From left: Anthony LaPaglia, Tony Shalhoub, Justin Bartha and Jan Maxwell. Photo by Sara Krulwich.
BOTTOM LINE: As long as you don't expect non-stop hilarity, you'll be in for a pleasant evening.
Editor's note: Scott and Dan saw this play together– here is their joint review.
Scott: There is much that I liked in this revival of Ken Ludwig's 1989 farce Lend Me A Tenor. The creative aspects of the show are absolutely top notch. An incredibly well-appointed set with five slammable "farce-approved" doors is the perfect place for hilarity to ensue. The costumes, both character- and era- appropriate, ensure that the play stays grounded in an identifiable time and place, and also provide the necessary clarity and credibility for the central conflict to hold. Lights and sound and all that good stuff are equally well done.
Dan: I pretty much agree with you here. My one minor complaint- the set (a 1930s hotel room) doesn't extend all the way up. While this normally wouldn't bother me, for some reason there is an odd blue light that extends above the edge of the set. I have no idea why it is there, but it is distracting. But other than that, the design elements are great. Especially the costume in which Brooke Adams makes her entrance. Speaking of which- what did you think of the cast?
Scott: In general? The all-star cast of theatrical pros inhabits the larger than life characters with total believability. Tony Shalhoub (from TV's Monk ) is appropriately snarky; Justin Bartha (of Hangover fame) is convincingly quirky; Mary Catherine Garrison is delightfully pixyish; Jennifer Laura Thompson is perfectly seductive; Anthony LaPaglia (TV's Without A Trace) is gruff and endearing; and Brooke Adams and Jay Klaitz round out the cast well. And, for the glorious twenty minutes (ten in Act 1 and ten in Act 2) that she is onstage, Jan Maxwell is distractingly, fantastically and brilliantly hilarious. Literally the moment she steps onstage the energy level bumps up about five points. Sadly, when she leaves…
Dan: I know! Jan Maxwell is far and away the best part of the show. In this respect, Lend Me A Tenor is a great lesson in the difference that true comedic brilliance can make. There is no bad performance in the play, but it really doesn't begin until Jan Maxwell enters. And she has a line in Act 2 that is quite possibly the funniest moment currently on or off Broadway. Not to oversell, but I'd say she is the reason to see this play. But the three leading men have most of the stage time. Shalhoub plays an opera presenter in Cleveland who brings a world-famous Italian tenor Tito Merelli (LaPaglia) to town. Bartha is the assistant assigned with making sure the testy tenor gets where he is supposed to be. Maxwell plays Merelli's hot-blooded Italian wife. Unfortunately, she just isn't on stage enough. And without her, the play is merely pleasant- sometimes funny, but rarely hilarious.
Scott: Exactly. Which brings up my main– well, really my only– quibble with the play: pacing. A farce's success depends on how well tension is created and sustained, and that is invariably tied to how well the narrative clips along, leaving those not paying attention (or those too distracted by the text messages they shouldn't be reading in the theatre) in its wake. I felt that director Stanley Tucci wanted to make sure the play moved fast enough, but not too fast. As if to ensure that anyone only paying half attention was also kept in the loop. A fine strategy I suppose, but unfortunately you can't have it both ways. For those of us completely committed, the play never really takes full flight. There are moments that feel very tight and well-executed. But then again, I often found myself trying to will more energy onto the stage so the stakes would be higher, so I would then care more and laugh more. The great moments interspersed throughout the evening inevitably draw attention to the times when the energy bottoms out and the actors have to start the journey back up the hill. But to their credit, they keep making it back up.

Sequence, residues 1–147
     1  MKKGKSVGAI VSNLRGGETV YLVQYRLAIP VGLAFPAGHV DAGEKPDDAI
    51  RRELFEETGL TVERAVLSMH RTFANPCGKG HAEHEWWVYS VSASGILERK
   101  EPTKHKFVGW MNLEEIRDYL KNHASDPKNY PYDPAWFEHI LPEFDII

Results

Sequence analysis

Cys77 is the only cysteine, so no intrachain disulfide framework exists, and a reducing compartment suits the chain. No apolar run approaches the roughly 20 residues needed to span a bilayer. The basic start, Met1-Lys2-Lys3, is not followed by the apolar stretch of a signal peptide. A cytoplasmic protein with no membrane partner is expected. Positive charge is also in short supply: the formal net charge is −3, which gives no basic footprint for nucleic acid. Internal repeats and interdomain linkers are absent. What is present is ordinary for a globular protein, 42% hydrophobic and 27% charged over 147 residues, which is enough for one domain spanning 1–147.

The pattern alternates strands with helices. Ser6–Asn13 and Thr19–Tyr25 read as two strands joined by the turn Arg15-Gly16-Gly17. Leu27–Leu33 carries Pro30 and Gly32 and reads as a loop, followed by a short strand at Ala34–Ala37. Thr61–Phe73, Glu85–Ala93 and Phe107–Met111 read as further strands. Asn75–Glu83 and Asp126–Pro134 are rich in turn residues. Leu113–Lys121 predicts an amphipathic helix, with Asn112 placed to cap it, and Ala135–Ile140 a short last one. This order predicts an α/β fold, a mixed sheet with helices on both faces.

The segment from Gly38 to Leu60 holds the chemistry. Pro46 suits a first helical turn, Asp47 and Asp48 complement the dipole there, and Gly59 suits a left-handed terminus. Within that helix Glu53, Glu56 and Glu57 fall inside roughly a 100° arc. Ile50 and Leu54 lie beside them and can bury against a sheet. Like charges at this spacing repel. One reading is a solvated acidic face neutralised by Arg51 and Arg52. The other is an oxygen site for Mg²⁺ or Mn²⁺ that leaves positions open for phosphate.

Dan: Well, I'm not so sure Lend Me A Tenor is the best farce ever. Some might even argue it isn't even true farce, even though it has the requisite mistaken identities and a few narrow escapes through slammed doors. But I agree that the action often drags in this production. However, Act 2 picks up speed a bit, and by the time two of the men share the stage wearing identical makeup and costumes, the play is thoroughly enjoyable even without Maxwell. But it takes awhile to get there. Scott- you said after the show that you were never surprised, and I think that is exactly the issue. Whether it is the play, the direction, or the performances, (and I think it is a mix of everything) nothing ever took me by surprise.
If you're looking for a comedy, Lend Me A Tenor is certainly a decent one. There is an added bonus too– after it ends, the entire cast literally runs through the full action of the play in about two minutes. As I said, Jan Maxwell is alone worth a ticket. And to be honest, I enjoyed it far more than A Behanding in Spokane or God of Carnage (the two other non-musical comedies currently on Broadway).
Scott: Well, I haven't seen either of those, but all in all, Lend Me A Tenor is an enjoyable evening of theatre with plenty of laughs. Just not as many as there could be. So…walk, don't run to the Music Box Theater.
(Lend Me A Tenor plays at the Music Box Theater, 239 West 45th Street. Performances are Tuesday at 7pm, Wednesday at 2pm and 8pm, Thursday at 8pm, Friday at 8pm, Saturday at 2pm and 8pm and Sunday at 3pm. Tickets are $86.50 - $126.50 and can be purchased at telecharge.com or by calling 212.239.6200. $26.50 general rush tickets (2 per person) are available the day of the performance, when the box office opens. For more information visit www.lendmeatenoronbroadway.com.)